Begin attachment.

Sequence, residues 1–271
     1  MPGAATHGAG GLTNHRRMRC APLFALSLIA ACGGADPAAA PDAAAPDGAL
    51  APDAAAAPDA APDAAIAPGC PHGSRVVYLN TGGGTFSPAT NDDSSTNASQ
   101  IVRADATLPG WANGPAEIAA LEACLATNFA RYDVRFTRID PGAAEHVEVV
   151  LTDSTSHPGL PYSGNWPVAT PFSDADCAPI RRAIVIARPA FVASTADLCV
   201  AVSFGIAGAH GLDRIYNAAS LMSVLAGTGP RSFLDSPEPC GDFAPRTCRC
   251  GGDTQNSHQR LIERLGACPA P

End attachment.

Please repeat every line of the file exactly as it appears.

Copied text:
Sequence, residues 1–271
     1  MPGAATHGAG GLTNHRRMRC APLFALSLIA ACGGADPAAA PDAAAPDGAL
    51  APDAAAAPDA APDAAIAPGC PHGSRVVYLN TGGGTFSPAT NDDSSTNASQ
   101  IVRADATLPG WANGPAEIAA LEACLATNFA RYDVRFTRID PGAAEHVEVV
   151  LTDSTSHPGL PYSGNWPVAT PFSDADCAPI RRAIVIARPA FVASTADLCV
   201  AVSFGIAGAH GLDRIYNAAS LMSVLAGTGP RSFLDSPEPC GDFAPRTCRC
   251  GGDTQNSHQR LIERLGACPA P